The Smiths found themselves again at the June 16 town council meeting to tell the council again about their concerns. The advice they were offered then was that the town would again review their concern and come up with a solution.

Rodgers said during the meeting that he reviewed the drainage plans, and said the subdivision was approved by the county in the 80s, and the town was not involved in the drainage plans. He also said the builder was contacted again, but he didn’t know if an agreement was met.

By the end of June, nothing had changed, Mike Smith said. No council member or town official had come to his property to look at the issue, he said.

“I’ve asked them as nicely as I could to please have their engineer — and I asked this of the council and the planning committee — to look at that whole subdivision back there,” Mike Smith said.

They both have felt like the town does not care about them during this process, and they are feeling pushed out by the subdivisions, Sharon Smith said.

“It feels like they’re far more important than we are,” Sharon Smith said.

Jones said she had been in contact with the Smiths since they first submitted their complaint. She said she didn’t personally review their issue, as she doesn’t have experience in how drainage or home building works, but said she referred their complaint to a family friend to review to help her offer advice. She also said the town reviewed their complaints.

“As far as the home that was causing issue to his property — our superintendent reported speaking to the builders and requesting that the redirect the issue away from Mr. Smith’s property,” Jones said in an email.

Jones also she she told them to work with the neighborhood’s homeowners association, and also advised they hire an attorney. She added that many residents in the town have drainage issues.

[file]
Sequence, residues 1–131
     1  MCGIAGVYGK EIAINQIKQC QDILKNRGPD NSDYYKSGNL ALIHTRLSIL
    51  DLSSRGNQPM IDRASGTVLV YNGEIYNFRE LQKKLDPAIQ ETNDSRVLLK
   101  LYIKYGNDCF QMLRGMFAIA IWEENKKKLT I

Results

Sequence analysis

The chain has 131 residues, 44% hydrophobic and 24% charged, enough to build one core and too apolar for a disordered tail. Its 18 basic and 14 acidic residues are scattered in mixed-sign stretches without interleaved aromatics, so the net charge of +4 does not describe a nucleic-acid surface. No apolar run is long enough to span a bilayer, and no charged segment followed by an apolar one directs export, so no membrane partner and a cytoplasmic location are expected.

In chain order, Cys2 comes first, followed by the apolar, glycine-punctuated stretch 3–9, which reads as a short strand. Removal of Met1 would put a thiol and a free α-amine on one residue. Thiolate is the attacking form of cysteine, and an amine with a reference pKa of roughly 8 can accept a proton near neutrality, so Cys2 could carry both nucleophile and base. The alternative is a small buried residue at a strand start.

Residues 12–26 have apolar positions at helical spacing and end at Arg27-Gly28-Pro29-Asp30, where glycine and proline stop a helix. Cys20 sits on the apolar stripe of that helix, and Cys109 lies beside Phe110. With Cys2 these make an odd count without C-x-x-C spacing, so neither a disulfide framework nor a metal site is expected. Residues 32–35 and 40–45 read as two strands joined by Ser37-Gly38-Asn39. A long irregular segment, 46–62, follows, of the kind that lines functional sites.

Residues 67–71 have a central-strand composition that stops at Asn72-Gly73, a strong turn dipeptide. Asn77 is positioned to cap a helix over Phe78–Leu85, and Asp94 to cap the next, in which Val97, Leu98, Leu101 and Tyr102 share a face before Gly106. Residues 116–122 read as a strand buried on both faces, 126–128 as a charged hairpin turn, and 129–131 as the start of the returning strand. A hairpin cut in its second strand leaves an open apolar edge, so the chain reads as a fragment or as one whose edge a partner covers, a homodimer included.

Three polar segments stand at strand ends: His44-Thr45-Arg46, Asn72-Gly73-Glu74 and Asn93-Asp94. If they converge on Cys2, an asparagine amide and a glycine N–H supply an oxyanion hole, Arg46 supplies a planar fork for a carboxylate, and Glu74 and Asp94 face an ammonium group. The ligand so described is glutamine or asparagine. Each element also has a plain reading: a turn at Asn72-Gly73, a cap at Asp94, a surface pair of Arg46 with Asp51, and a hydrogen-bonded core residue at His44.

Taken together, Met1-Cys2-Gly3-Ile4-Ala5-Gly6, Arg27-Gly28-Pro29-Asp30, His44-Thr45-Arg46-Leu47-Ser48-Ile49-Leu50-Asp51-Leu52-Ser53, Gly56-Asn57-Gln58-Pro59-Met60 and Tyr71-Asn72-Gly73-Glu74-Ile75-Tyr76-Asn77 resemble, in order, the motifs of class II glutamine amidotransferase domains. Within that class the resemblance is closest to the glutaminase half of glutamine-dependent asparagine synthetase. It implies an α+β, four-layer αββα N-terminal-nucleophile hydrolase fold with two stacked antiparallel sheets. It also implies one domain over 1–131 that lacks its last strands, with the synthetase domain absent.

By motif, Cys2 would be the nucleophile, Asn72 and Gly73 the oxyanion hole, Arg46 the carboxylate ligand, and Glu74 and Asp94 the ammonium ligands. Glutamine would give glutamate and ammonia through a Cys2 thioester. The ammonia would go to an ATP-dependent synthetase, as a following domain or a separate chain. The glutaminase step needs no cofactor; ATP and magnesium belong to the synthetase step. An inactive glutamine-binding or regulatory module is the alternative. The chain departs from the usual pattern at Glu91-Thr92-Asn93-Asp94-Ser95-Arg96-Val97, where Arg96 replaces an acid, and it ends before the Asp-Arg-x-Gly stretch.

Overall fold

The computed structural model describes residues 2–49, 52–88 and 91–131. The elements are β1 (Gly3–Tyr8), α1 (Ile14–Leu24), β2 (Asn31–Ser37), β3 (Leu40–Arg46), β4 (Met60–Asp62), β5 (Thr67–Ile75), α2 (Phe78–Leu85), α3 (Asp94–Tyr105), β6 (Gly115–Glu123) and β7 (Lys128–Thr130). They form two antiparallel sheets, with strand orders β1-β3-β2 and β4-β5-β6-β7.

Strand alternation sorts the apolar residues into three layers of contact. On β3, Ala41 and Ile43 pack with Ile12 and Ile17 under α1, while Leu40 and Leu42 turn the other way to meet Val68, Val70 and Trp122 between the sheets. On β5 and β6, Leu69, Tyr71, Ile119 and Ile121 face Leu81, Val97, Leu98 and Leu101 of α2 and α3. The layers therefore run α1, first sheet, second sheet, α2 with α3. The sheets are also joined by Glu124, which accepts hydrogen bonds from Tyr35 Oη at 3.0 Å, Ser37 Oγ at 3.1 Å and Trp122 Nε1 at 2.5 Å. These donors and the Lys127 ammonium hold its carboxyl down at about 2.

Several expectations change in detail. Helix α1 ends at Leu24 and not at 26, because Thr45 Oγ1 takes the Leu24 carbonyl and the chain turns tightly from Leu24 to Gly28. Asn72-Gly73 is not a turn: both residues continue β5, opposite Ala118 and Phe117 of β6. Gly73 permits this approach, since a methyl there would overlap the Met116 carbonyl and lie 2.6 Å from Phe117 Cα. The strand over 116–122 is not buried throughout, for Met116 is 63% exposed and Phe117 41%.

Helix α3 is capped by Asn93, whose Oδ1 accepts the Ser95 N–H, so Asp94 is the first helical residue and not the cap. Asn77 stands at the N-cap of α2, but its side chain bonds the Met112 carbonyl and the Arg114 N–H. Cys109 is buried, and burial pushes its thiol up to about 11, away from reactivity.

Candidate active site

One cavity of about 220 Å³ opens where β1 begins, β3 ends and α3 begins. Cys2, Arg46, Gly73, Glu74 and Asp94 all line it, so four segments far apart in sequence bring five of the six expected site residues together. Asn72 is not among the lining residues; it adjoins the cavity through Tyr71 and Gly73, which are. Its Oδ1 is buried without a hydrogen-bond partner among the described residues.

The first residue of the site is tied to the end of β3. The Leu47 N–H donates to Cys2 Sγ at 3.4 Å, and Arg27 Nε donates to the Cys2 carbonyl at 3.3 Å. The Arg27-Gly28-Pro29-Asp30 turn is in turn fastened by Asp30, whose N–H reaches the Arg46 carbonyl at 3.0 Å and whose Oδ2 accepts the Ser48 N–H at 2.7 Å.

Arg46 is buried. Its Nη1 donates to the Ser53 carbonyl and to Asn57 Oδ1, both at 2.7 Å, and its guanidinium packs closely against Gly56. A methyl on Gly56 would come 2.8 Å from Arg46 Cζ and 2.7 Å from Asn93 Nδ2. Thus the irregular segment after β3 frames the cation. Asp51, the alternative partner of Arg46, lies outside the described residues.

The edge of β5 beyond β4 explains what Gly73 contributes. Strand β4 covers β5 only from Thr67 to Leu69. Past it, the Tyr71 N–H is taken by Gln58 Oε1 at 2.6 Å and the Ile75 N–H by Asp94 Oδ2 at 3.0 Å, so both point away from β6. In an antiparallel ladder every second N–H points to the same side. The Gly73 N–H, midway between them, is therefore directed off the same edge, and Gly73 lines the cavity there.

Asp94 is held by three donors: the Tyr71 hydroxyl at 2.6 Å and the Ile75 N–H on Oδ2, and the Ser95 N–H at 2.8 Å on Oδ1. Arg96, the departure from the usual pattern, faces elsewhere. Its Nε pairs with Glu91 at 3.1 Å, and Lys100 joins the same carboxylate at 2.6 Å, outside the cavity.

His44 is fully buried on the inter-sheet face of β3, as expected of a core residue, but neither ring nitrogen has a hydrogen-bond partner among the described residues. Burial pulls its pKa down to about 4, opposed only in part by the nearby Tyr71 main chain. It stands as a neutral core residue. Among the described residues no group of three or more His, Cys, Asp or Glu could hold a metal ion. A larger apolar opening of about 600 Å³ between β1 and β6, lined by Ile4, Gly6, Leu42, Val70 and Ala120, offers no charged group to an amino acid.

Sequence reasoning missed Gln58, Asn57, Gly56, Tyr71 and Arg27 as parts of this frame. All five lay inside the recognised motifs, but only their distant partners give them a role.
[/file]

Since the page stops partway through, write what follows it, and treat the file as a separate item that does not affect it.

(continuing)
At the beginning of this month, Bryan Gregg, with the homeowner’s association at Crest Ridge, came to the Smiths property, and Mike Smith said they seemed to have “reached an agreement.”

The plan is the builder is supposed to cut the pipe back, and make a pit to put gravel in it, so the water does not disperse directly across the yard. Mike Smith said that a week later, he had not heard anything else about this, and no work has started at moving the pipe, he said. Gregg did not respond to requests for comment.

He still feels like he was given the runaround from the town, with little solutions, apart from being told to hire an attorney, he said.

“At this point, nothing has changed,” Mike Smith said.

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Emily Ketterer is the Daily Journal's multimedia news editor, and she covers the small towns and county government. She is a Johnson County native and a Franklin College alumna. When not at work, she enjoys watching Marvel movies, or trying to learn how to cook from the Food Network. She also loves Disney theme parks and is an annual passholder at Walt Disney World. She can be reached at or 317-736-2770. Follow her on Twitter: @Emily_Ketterer.